There are a number of major ethical schools or standards:

  • Ethics of Results
  • Ethics of Rules
  • Ethics of Virtue

and they are all discussed here in a what we hope is a fairly easy to comprehend style.

But why are they important?

Don’t business people make decisions every day without a knowledge of philosophy?

With recognition that business people are more rather than less likely to face dilemmas of an ethical nature during their careers, many of the experts advise managers to enhance their ability to ‘reason ethically’.

But what is meant by ‘ethical reasoning’? It has been described as the process of systematically analysing an ethical issue and applying to it using one or more ethical standards.

There have many suggested approaches, typically involving steps such as these three:

1. Definition of the ethical problem: The first step necessitates determining whether a decision has ethical implications. This requires an assessment of the nature and consequences of the action. This step frames a question as an ethical problem. For example, is it acceptable to highlight the medical benefits of a new medicine whilst minimising its side effects in an advertising campaign?

2. Selection of an ethical standard: Various theories of recommended moral behaviour exist. While most theories will lead managers to the same solution given similar circumstances, different standards sometimes lead to divergent solutions. The existence of competing moral theories is one reason why well intentioned managers disagree about what is ethically proper.

3. Application of the ethical standard: Once an ethical standard is chosen, it still must be applied to a specific situation. For example, a standard can be applied to a particular ethical dilemma, and the subsequent determination of an ethical choice is the completion of the ethical reasoning process.

If managers do not follow this or a similar procedure, ethical discussions too easily degenerate into a clash of personal opinion or preference.

Prof Alejo Sison, EBEN President, a renowned business ethics philosopher, points out that :

“The three steps outlined  are themselves dependent on the kind of person one is.  An ‘ethical’ person would define, select and apply standards differently from an ‘unethical’ person.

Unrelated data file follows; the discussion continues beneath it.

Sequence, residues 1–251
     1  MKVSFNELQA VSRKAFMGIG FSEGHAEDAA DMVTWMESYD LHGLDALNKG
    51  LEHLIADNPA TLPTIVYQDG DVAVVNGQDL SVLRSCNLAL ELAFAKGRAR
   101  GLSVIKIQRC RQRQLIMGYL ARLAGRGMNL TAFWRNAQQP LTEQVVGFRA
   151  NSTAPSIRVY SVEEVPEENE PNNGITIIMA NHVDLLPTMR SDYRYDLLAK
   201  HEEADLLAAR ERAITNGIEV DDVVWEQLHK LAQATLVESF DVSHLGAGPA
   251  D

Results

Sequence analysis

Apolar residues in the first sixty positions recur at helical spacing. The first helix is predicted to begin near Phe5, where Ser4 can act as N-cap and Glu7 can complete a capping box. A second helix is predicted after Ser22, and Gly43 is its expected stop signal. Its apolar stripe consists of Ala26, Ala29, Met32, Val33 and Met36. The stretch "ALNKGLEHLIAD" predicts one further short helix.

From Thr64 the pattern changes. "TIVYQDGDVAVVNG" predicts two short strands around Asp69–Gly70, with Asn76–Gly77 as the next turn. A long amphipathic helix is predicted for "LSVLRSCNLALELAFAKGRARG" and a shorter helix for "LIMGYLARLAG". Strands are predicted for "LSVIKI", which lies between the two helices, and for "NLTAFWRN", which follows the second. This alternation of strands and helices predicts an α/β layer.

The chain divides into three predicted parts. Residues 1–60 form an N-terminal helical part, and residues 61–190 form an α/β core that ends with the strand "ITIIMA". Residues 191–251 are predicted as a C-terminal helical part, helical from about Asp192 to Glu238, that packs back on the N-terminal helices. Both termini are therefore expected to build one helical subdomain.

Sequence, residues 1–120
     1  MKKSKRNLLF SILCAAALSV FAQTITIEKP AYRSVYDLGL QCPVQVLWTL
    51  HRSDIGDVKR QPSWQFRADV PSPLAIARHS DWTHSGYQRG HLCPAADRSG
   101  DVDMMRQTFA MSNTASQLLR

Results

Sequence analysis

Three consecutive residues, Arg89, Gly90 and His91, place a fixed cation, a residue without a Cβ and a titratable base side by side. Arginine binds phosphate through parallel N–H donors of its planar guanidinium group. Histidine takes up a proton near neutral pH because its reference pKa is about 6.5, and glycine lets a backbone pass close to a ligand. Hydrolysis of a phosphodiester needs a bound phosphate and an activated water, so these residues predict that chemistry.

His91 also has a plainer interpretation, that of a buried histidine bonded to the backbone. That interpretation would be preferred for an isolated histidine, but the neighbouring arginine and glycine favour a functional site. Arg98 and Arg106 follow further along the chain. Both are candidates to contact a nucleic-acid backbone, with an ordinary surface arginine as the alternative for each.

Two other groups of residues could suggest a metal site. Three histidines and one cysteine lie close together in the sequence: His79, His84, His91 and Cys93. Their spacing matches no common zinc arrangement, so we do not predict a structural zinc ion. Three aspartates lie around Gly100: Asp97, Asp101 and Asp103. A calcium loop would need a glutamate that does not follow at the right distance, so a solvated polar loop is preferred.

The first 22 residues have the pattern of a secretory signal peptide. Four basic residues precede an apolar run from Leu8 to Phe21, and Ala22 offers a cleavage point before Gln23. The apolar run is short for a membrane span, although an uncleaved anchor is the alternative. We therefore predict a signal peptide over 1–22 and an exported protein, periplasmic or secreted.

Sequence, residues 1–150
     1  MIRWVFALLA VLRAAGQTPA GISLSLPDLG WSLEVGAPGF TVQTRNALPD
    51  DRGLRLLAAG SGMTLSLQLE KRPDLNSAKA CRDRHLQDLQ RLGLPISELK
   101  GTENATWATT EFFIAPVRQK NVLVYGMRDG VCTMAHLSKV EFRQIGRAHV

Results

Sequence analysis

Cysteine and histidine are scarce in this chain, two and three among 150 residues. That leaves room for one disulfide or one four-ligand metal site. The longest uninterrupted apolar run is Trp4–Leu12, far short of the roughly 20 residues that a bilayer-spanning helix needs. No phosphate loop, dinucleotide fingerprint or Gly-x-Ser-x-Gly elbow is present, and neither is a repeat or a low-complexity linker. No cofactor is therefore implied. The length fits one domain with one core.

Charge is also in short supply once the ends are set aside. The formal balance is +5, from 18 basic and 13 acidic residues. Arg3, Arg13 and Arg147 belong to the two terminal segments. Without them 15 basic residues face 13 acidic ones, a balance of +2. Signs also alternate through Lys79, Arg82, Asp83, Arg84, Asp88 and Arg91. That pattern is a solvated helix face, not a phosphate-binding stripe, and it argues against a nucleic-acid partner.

In other words, we can never be ‘objective’ to the extent that we are able to rid ourselves of our ethical dimension, nor is this desirable”.

For the most part, ethical reasoning ability is grounded in a knowledge of ethical theory. If managers understand ethical theory, they can apply specific principles or rules to guide their decision making. Those principles can then be unpacked and examined in order to determine the appropriate choices emanating from an ethical problem.

For example, a manager considering marketing a soft drink banned in the local market because of health questions raised by the local authorities might consider the following:

1. Sending the product to the foreign market where it can be legally sold

2. Waiting for additional research information that might further validate or invalidate the danger of the substance

3. Exporting the product with a warning label

4. Dumping the product as waste

5. Disposing of the product to a wholesaler at a severely discounted price and letting that independent business firm make its own determination as to what to do with the controversial product.

Each of these options raises ethical questions. How should a manager go about deciding what to do? How does one go about reasoning to arrive at an ethical solution?

The answer to these questions lies partly in understanding different ethical theories. This response is not without its challenges.

As already noted, the difficulty in choosing among various theories is that different ethical theories may lead to different conclusions. However, this realisation should not be sufficient to dismiss the study of ethical reasoning as a fruitless exercise.

Ethical issues regularly stem from “tough cases.” Few people maintain that ethics is an easily understood subject. The existence of ethical dilemmas, where different approaches lead to different solutions, should not be a cause of cynicism. Some ambiguity is inherent in grappling with tough ethical problems, whether in business or in other realms.

The fact that differing principles sometimes generate different decisions opens up more options than may have been considered initially. A more optimistic view is that managers should take some satisfaction from knowing that the application of various ethical theories to a particular situation will most often lead to consensus.

At minimum, ethical theories will usually not generate unethical solutions.

Finally, for those who may be skeptical about the values of ethical theory in business, we offer this statement by the classic philosopher Cicero in resolving a conflict between a grain trader and the famine-starved citizens of Rhodes, in favour of the latter:

To everyone who proposes to have a good career, moral philosophy is indispensable (De Offidis, 44 EL).


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